What the Cybersecurity Executive Order Means for the Enterprise

Written by: Kiley Nichols
3 min read
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On May 12, President Biden signed an Executive Order to improve the nation’s cybersecurity and protect federal government networks. Recent cyber attacks involving SolarWinds, Microsoft Exchange and the Colonial Pipeline have again brought to the forefront the very real threat that cybersecurity attacks have on U.S. public and private organizations. It’s clear many organizations are not doing enough to protect themselves and those they serve. 

As you might have read, the Executive Order “makes a significant contribution toward modernizing cybersecurity defenses by protecting federal networks, improving information-sharing between the U.S. government and the private sector on cyber issues, and strengthening the United States’ ability to respond to incidents when they occur.”

“With the executive order from President Biden, securing the software supply chain is top of mind for every executive,” said Tim Johnson, director of product marketing at CloudBees. “Public and private organizations understand they must secure the supply chain, and throughout the software delivery lifecycle, in alignment with the new NIST standards.”

At first blush, this may seem like it only applies to the U.S. Government and those companies that supply software directly to them. However, since the supply chain is so interconnected, these orders will eventually (and probably quicker than imagined) apply directly to most any company worldwide that releases software. The U.S. Government will push their suppliers to comply and those suppliers will in turn push their suppliers all the way upstream to the original repository owner/contributor.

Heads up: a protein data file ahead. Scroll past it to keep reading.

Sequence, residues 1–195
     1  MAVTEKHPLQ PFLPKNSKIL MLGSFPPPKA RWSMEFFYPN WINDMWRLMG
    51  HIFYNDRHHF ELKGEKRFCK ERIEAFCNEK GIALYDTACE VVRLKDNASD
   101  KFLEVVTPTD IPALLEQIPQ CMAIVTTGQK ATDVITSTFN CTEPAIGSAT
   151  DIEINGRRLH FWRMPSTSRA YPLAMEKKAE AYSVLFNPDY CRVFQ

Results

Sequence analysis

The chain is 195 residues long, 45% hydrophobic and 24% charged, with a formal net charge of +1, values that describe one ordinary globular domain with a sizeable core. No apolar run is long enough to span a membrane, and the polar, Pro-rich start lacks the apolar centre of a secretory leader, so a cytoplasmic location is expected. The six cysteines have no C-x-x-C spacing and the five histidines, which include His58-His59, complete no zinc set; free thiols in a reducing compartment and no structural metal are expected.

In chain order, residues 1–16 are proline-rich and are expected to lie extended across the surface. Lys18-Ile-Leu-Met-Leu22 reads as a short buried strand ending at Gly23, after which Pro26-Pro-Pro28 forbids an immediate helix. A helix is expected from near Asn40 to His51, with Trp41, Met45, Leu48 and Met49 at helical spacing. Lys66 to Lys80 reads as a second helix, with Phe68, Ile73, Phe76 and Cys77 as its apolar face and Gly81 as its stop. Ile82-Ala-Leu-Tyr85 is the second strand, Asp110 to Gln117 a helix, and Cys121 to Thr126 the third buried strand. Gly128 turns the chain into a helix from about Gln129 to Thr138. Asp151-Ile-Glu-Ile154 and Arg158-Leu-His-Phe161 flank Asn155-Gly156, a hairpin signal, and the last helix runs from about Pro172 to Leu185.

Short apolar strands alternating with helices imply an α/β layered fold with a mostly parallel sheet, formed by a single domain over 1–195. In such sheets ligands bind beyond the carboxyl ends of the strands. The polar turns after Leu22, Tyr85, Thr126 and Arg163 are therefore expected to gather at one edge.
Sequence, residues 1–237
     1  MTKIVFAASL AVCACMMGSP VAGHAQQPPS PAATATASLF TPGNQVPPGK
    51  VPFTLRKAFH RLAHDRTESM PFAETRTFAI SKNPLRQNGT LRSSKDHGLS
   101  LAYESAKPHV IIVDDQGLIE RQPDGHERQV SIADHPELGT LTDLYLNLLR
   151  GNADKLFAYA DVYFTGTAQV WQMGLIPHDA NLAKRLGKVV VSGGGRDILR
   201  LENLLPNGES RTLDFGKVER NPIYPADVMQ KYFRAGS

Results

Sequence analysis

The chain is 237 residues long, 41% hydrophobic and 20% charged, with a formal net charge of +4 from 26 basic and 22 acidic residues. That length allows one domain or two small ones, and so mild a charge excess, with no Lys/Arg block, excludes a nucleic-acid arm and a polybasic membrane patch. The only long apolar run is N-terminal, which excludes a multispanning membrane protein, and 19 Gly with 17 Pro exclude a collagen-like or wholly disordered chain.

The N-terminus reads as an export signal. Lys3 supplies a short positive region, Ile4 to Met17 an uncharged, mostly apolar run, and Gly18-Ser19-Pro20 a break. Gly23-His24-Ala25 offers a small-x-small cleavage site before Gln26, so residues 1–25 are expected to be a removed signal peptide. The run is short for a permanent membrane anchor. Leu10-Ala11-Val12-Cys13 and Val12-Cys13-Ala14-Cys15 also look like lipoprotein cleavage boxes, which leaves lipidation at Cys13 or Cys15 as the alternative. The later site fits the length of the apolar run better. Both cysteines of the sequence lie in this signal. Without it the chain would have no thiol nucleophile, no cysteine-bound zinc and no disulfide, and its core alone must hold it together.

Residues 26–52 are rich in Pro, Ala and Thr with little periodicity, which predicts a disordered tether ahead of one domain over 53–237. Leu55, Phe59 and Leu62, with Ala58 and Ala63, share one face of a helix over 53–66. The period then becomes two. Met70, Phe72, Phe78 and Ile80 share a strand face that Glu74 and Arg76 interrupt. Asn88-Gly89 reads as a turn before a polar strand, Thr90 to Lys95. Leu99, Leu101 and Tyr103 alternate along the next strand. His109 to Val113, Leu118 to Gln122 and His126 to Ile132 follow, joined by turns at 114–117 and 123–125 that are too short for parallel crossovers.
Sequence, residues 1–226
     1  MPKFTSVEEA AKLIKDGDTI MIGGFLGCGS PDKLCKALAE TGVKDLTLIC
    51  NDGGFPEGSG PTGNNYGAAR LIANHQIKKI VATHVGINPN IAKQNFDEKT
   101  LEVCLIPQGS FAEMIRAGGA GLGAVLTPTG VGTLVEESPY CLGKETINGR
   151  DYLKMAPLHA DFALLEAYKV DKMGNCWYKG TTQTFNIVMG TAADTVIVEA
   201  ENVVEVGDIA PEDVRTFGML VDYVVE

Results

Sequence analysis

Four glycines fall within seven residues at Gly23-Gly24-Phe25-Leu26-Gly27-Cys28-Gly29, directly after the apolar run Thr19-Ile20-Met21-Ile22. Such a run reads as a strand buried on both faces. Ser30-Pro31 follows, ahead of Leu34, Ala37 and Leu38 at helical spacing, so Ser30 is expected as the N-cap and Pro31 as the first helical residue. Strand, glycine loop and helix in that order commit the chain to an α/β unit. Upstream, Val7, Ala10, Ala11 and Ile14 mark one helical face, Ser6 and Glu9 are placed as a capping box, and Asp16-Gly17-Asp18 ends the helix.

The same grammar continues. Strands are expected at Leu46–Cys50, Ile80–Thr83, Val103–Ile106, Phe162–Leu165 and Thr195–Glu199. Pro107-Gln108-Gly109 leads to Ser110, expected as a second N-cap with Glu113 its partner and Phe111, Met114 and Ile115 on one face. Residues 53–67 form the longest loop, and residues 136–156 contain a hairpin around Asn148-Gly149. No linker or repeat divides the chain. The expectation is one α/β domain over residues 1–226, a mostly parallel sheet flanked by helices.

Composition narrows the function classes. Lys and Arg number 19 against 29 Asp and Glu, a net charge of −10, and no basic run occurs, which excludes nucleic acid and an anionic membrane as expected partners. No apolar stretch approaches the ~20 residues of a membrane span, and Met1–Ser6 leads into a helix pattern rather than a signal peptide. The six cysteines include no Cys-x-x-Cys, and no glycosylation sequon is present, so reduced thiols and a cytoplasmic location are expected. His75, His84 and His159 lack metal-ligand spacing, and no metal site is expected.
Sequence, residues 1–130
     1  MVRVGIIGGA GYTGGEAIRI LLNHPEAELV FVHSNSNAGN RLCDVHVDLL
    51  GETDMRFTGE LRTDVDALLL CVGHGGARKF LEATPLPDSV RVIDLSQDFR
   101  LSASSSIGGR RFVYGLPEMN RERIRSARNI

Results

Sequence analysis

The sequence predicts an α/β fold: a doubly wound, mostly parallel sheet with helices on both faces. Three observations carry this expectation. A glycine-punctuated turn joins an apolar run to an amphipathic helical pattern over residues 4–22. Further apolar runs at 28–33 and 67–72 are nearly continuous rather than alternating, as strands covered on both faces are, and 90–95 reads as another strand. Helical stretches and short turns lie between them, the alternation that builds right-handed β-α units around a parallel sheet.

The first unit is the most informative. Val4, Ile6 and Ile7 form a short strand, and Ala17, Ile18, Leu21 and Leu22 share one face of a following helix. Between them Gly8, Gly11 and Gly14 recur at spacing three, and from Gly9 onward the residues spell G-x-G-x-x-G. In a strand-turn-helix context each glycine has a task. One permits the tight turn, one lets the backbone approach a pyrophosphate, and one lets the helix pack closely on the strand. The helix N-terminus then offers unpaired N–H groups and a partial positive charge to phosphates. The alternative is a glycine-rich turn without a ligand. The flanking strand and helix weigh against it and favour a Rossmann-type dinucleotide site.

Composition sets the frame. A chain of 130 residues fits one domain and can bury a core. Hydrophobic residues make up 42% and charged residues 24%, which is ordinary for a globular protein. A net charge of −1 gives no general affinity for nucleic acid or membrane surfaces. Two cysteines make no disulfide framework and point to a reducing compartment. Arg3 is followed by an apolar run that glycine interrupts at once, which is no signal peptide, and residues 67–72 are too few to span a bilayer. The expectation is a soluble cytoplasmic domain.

While we were discussing this internally yesterday, someone here at CloudBees raised the question of “How will companies have to change their processes in order to comply with these Executive Orders?” A quick reply came in the form of ”If anyone has to change how they’re delivering software in order to comply, they probably weren’t doing it right in the first place.” In other words, these organization's don’t have an audit, compliance or security problem, they have a software delivery problem. Making the code, the process, and the people more secure actually makes delivering software faster, cheaper and more effective.

A great place to start looking at how to improve your process is with our blog, Three Overlooked Steps to Securing A Software Supply Chain. It shares three areas where we’ve seen IT leaders overlook the potential for risk in their software delivery supply chain and makes recommendations for building in trust. They are:

1. Put Process Gates and Controls at Every Step of the Software Supply Chain

2. Don’t Assume Bad Actors are Only Outside Your Organization

3. Think Like an Auditor

CloudBees works with many of the Fortune 100 in highly regulated industries, as well as federal agencies, including the IRS, the United States Air Force and the U.S. Department of Health and Human Services, to ensure their software is secure -- from creation through delivery to production and beyond. By streamlining governance and compliance so that it becomes a force for innovation, these organizations are serving their missions by more rapidly delivering trustworthy software to their teams and customers.

For more information on this topic, join speakers from ManTech International, The Linux Foundation and Accelerated Strategies Group on Securing the Software Supply Chain on May 27.

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